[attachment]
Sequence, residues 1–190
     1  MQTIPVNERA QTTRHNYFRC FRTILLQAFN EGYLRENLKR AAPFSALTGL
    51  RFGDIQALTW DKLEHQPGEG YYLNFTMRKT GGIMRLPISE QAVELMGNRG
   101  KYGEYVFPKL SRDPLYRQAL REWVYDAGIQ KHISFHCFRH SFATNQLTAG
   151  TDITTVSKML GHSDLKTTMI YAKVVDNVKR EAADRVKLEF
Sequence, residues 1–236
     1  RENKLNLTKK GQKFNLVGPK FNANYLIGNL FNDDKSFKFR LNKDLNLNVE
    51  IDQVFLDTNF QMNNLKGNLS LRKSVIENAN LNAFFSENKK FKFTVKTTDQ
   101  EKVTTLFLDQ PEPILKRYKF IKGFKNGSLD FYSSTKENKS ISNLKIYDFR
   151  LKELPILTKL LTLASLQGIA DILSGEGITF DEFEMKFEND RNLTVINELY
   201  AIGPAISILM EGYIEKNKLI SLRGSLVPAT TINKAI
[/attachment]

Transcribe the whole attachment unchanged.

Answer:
Sequence, residues 1–190
     1  MQTIPVNERA QTTRHNYFRC FRTILLQAFN EGYLRENLKR AAPFSALTGL
    51  RFGDIQALTW DKLEHQPGEG YYLNFTMRKT GGIMRLPISE QAVELMGNRG
   101  KYGEYVFPKL SRDPLYRQAL REWVYDAGIQ KHISFHCFRH SFATNQLTAG
   151  TDITTVSKML GHSDLKTTMI YAKVVDNVKR EAADRVKLEF
Sequence, residues 1–236
     1  RENKLNLTKK GQKFNLVGPK FNANYLIGNL FNDDKSFKFR LNKDLNLNVE
    51  IDQVFLDTNF QMNNLKGNLS LRKSVIENAN LNAFFSENKK FKFTVKTTDQ
   101  EKVTTLFLDQ PEPILKRYKF IKGFKNGSLD FYSSTKENKS ISNLKIYDFR
   151  LKELPILTKL LTLASLQGIA DILSGEGITF DEFEMKFEND RNLTVINELY
   201  AIGPAISILM EGYIEKNKLI SLRGSLVPAT TINKAI